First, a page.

The term “open innovation” has gained considerable use in technology transfer circles over the last decade. However, practical understanding of what open innovation actually means and how it can be applied to facilitate technology commercialization is often confused with open source. Each term describes a distinct business model for commercializing technologies, and both are often used in comparison to closed innovation.  

Closed Innovation: The Beginnings

Closed innovation is a technology business model dominant in the 20th century, with roots in the North American automobile industry of the early 1900s. It became the primary technology commercialization business model for most corporations in North America, Europe and Japan from the 1950s to the 1990s, representing vertical integration of product development and marketing by individual companies. Work on a company’s new product and/or service would be initiated in an internal research and development program conducted within the company’s facilities. Product concept testing, validation, scale-up manufacturing, marketing testing and launch would all typically be done internally by company scientists and engineers.  

Intellectual property (IP) protection strategies were focused on creating: (i) fences around the company’s inventions, and (ii) barriers to the creation of similar technologies so other companies were discouraged from producing or using similar innovations. The Bayh-Dole Act, promulgated in the U.S. in 1980, encouraged industry uptake of innovations from universities and fostered extension of the closed innovation business model to business engagement of institutional technology transfer offi ces across North America. In most cases, businesses negotiated for exclusive licences of IP from institutions in order to expand their corporate IP portfolios and, at the same time, prevent their competitors from accessing that specifi c institutional IP. In many cases, the licensed-in IP competed with internal IP for commercialization priority and, as a consequence, much of the institutional IP licensed-in under the closed innovation business model did not reach the marketplace.  

Open Source: New Models Emerge

The open source approach to commercializing technology emerged in the early 1990s in the computer software and hardware industries. This approach was driven primarily by highly interactive groups of academics, individuals, consultants and startup companies who collectively focused on using the UNIX platform for: (i) rapid development and deployment of software development tools, and (ii) rapid production and distribution of software. Their motivation was to reduce dependency on large, established software vendors for access to software applications and systems architecture/operating systems for desktop and laptop computers.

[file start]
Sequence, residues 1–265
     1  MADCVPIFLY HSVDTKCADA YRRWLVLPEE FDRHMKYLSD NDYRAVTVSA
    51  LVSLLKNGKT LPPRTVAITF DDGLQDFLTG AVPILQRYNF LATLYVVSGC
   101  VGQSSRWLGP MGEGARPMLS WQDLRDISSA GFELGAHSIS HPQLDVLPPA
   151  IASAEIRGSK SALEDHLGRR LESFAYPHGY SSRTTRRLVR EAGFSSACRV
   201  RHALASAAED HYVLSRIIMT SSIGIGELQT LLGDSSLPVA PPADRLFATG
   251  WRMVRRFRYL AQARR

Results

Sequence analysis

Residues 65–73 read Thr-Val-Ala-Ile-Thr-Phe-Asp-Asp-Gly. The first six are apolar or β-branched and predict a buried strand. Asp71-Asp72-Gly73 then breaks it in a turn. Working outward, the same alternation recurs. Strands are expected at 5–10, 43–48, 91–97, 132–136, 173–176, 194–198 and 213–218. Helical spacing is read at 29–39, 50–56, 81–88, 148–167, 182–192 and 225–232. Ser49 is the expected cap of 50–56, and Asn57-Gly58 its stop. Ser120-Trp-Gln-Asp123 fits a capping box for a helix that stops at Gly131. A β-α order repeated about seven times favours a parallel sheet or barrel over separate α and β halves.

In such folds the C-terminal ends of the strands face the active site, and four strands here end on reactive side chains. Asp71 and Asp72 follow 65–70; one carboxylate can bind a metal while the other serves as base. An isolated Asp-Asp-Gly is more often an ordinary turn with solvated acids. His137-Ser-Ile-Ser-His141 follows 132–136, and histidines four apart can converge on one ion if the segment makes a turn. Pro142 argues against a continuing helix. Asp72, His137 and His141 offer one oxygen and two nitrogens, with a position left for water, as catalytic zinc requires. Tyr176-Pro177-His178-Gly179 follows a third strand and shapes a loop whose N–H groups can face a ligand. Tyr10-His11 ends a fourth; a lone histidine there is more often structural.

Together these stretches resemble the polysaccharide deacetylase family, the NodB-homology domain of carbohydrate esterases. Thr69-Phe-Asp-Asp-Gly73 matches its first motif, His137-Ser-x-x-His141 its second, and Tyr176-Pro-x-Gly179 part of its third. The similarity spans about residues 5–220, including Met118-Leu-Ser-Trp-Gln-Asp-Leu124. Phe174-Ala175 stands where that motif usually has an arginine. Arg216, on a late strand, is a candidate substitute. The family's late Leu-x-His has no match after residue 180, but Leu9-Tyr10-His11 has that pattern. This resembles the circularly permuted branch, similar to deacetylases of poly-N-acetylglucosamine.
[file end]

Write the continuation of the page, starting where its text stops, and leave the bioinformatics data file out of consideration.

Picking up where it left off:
The main precepts in the open source approach are:  

  • Free re-distribution of software in source code form;  
  • Shared rights to use the technology;  
  • Collaborative further development and sharing of the technology; and  
  • No monetary rewards for the innovators.  

Developers and users of open source software are typically required by others in these industry communities to agree to and sign “open source software” or “general public use” licences. Because the open source approach does not provide monetary compensation to the originators and developers of the shared technologies, it has not proved to be a sustainable business model and, consequently, has been primarily embraced by only academia and the electronic gaming industries.  

Open Innovation: Where We are Today

Increasingly, the open innovation business model has been adopted by large international companies throughout the 2000s based on the premise that technology commercialization can be greatly simplifi ed, expedited and accelerated by incorporating external IP, expertise and multiple partnership relationships into technology commercialization activities, instead of relying solely on internal IP and expertise.

Patent protection is a key element in open innovation business models. However, unlike the closed innovation approach that regards patents as monopolistic “fences” and “barriers” to keep competitors away, the open innovation approach considers patents as “currency” that can be used to acquire access to third-party IP to expedite technology development through non-exclusive licensing and/or cross-licensing. Moreover, the open innovation approach is comfortable with the selling or bartering of non-essential IP to secure at least some return on the investment for IP protection, instead of simply abandoning patents that have little or no direct value to the IP holder.

Businesses need and seek access to expertise and knowledge they can directly input into corporate R&D and product development programs. Specifi c questions businesses would ask of institutions considered for multi-partner technology development and commercialization programs include:  

  • What are you good at?  
  • Why are you good at it?  
  • What is your competitive landscape?  
  • Why is your research better than that of competitor institutions?  
  • Why should we work with you?  
  • Are you willing to invest your institution’s expertise in our partnership?  

Open innovation business models provide unique opportunities for institutional technology transfer offi ces and businesses to engage each other far beyond their traditional focus on securing exclusive licence deals. Well-informed IP and legal counsel can help you determine if the open innovation model will help you strengthen your IP and business strategy.